There are plenty of people who will make money in the middle stages. Traders may catch a few waves along the way, but what's going on behind the scenes is that founders were able to access tokens during the premine stage at costs unavailable to retail, and they'll dump their bags at the peak. If you buy at the peak, a failed project is a failed project, and you knew what you were getting into…right?
Web3 is a VC-funded marketing angle for shitcoins. VCs are interested in making money, not protecting civil liberties@ran_the_numbers on Twitter
Why Bitcoin Is The Web3 You Were Looking For
The reality is that Bitcoin already is what Web3 is trying to be. Bitcoin is the foundation for the decentralized internet. Bitcoin gives everyone equal access to incorruptible money that allows you to trade with anyone else in the world. You can build social media on Bitcoin. You can build censorship resistant communication networks on bitcoin. You can build payment systems and tokens on bitcoin. You can build DeFi on Bitcoin.
It's all possible on bitcoin, but it takes time to do it right.
Some people say that bitcoin is dead because it's not innovating like other blockchain projects out there, but what they fail to realize is that they are putting the cart before the horse. You must start with value, then build on top of it. The application layer built on top of Bitcoin is able to hold, transfer, and trade value because the underlying asset has value.
What Web3 is trying to do is create an app first, then assume that a token attached to it has value by association.
Why would a so-called Layer-1 blockchain like Ethereum, or Cardano, or Solana have a token in the first place? From their point of view, they would say that these L1's perform a function, and if you want to execute these functions in the future, then you'll need a stash of tokens to run the machine.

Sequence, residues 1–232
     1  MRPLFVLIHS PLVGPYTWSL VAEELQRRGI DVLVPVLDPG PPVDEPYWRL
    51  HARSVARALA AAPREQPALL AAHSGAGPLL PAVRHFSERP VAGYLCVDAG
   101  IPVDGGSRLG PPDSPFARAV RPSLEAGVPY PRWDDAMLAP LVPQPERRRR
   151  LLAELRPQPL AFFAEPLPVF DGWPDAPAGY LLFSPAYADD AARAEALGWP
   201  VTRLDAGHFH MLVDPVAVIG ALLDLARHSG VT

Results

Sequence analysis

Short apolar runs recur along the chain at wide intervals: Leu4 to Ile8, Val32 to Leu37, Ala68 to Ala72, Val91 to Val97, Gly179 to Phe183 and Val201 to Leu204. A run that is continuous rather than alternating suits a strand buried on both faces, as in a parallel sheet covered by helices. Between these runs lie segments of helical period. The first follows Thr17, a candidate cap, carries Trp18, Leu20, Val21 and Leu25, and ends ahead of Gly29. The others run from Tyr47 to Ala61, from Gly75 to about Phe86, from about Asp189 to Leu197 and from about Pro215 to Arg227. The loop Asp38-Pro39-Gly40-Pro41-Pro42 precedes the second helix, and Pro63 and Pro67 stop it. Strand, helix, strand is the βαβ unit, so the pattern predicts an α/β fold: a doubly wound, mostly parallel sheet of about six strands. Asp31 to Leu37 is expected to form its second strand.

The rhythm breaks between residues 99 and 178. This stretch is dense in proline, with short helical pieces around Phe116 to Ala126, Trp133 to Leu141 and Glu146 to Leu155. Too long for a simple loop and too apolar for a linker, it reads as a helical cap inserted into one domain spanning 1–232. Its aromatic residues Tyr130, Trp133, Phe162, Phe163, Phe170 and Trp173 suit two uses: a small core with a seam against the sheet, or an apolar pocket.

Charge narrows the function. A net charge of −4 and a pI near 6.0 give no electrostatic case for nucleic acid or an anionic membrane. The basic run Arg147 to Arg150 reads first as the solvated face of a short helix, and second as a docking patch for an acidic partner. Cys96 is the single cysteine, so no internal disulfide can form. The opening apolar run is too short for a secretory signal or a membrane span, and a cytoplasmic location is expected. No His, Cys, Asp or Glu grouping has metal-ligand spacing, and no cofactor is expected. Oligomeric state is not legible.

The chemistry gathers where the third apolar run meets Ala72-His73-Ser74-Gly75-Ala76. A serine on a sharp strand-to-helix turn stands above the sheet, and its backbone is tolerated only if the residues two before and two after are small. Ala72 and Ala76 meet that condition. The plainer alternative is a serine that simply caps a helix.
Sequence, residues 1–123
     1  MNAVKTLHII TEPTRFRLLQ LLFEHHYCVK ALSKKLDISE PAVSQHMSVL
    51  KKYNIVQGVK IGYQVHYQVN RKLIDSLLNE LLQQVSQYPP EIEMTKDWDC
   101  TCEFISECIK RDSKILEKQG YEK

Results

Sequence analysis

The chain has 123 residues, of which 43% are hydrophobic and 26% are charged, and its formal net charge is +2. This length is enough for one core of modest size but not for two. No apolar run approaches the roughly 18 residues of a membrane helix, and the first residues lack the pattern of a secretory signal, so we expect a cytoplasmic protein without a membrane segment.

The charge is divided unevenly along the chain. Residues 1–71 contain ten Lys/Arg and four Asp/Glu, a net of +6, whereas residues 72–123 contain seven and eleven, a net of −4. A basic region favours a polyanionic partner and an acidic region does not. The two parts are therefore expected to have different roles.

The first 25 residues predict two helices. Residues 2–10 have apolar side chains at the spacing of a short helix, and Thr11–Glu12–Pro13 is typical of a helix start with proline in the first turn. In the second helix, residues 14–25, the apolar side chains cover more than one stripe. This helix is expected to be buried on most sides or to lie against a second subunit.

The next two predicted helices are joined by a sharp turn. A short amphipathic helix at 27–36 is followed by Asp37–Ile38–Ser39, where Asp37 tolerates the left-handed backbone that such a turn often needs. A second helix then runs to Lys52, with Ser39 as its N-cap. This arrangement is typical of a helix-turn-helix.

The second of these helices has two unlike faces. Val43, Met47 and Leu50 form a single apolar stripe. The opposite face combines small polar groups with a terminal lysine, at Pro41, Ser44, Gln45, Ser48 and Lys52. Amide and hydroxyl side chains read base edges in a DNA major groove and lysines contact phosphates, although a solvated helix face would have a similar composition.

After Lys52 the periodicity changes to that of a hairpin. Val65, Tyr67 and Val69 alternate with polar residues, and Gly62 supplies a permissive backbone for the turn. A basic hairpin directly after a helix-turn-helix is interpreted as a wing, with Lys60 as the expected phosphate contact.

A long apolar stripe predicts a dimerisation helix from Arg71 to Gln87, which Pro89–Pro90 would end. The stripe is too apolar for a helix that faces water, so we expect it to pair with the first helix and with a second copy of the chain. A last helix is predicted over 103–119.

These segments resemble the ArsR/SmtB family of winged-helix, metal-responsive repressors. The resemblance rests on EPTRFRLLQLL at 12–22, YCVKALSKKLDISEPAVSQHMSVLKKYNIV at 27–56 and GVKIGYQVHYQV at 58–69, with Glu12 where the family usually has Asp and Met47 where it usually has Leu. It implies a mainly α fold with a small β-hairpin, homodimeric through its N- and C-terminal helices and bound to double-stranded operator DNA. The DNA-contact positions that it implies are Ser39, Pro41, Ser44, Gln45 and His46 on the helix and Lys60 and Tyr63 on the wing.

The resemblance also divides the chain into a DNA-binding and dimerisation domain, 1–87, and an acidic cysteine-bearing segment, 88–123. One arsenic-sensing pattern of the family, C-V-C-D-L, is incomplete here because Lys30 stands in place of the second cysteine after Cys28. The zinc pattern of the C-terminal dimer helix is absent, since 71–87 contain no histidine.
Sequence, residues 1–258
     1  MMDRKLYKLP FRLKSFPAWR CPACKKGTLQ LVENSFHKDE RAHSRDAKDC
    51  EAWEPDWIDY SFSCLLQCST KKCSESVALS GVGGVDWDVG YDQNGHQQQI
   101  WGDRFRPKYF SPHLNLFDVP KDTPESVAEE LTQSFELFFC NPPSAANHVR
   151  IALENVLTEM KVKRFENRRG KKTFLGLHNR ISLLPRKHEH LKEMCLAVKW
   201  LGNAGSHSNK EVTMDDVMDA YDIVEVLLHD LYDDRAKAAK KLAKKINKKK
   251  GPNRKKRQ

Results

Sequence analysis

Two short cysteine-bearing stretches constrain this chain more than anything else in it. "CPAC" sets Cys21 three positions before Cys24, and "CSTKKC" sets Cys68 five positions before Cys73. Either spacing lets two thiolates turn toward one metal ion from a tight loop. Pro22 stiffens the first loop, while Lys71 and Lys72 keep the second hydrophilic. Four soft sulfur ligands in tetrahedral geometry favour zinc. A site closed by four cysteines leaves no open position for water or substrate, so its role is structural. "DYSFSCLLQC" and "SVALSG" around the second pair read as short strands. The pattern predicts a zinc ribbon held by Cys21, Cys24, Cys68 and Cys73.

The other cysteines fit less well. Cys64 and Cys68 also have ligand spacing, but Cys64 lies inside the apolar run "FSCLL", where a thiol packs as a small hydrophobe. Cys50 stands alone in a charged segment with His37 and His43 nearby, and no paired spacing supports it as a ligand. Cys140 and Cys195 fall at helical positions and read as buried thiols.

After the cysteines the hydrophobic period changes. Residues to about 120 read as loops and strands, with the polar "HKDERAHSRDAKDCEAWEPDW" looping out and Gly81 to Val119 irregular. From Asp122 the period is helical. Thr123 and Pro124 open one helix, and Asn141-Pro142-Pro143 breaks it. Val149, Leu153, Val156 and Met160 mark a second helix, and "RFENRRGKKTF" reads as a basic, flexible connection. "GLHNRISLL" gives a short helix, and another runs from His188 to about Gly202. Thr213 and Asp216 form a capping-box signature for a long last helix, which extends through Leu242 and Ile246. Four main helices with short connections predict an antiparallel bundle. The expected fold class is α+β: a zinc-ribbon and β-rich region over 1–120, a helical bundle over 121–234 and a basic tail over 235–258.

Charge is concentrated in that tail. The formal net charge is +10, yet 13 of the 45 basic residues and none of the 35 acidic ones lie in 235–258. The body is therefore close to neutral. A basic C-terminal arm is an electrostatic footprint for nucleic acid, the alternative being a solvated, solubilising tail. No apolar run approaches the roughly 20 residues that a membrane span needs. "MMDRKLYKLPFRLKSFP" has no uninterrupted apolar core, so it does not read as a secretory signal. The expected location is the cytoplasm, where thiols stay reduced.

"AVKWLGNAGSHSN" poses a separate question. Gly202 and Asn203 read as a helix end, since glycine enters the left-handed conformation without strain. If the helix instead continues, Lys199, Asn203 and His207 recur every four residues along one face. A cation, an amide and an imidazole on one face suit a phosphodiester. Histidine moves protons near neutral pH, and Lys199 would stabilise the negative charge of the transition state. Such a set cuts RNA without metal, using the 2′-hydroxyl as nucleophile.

But then why would it get more expensive to run the machine over time (token going up in value), as technology gets more efficient? Shouldn't token prices fall as they become more widely available and more accessible?
And why would I choose something more decentralized, which will be slower and less efficient (by design), when I could choose more and more centralized solutions which run faster and more efficiently? Following a path to more and more centralization in search of cheap and efficient blockchains, ultimately, I end up on a centralized web server, and we are back at Web2.
These are the questions I asked myself, and why I ultimately think Web3 is just the next iteration of the shitcoin casino, and we can expect a new name, with a new round of coins in a year or two.
Updates & Footnotes
1) John Carvalho is the CEO and main developer at Synonym, and company which is setting out to accomplish on Bitcoin in a permanent way, what Web3 is trying to accomplish temporarily, on centralized L1 chains like Ethereum and Solana. He's a very clear and no-bullshit voice in the bitcoin space, so this is a podcast worth listening to if you want to see what the future of Web3 on Bitcoin actually looks like.
2) Moxie Marlinspike is known for his role in creating the Signal encrypted messaging app, and thus the encryption used by WhatsApp and Skype. Though many people are unhappy about him releasing a “crypto coin” for signal instead of just using actual money, like bitcoin, he has a pretty scathing review of so-called Web3 and NFTs. In short, he created some NFTs (some very cool ideas like fractionalized NFTs or NFTs that change based on how looks at them), but discovered that the whole system is basically centralized and dependent on a few companies – pretty much exactly like Web1.
Great Web3 Tweets
I keep running across some great tweets that hit home some of my perspectives on Web3. I started to integrate them in this blog post, but it got too cluttered, so I just wanted to highlight some good zingers when I come across them.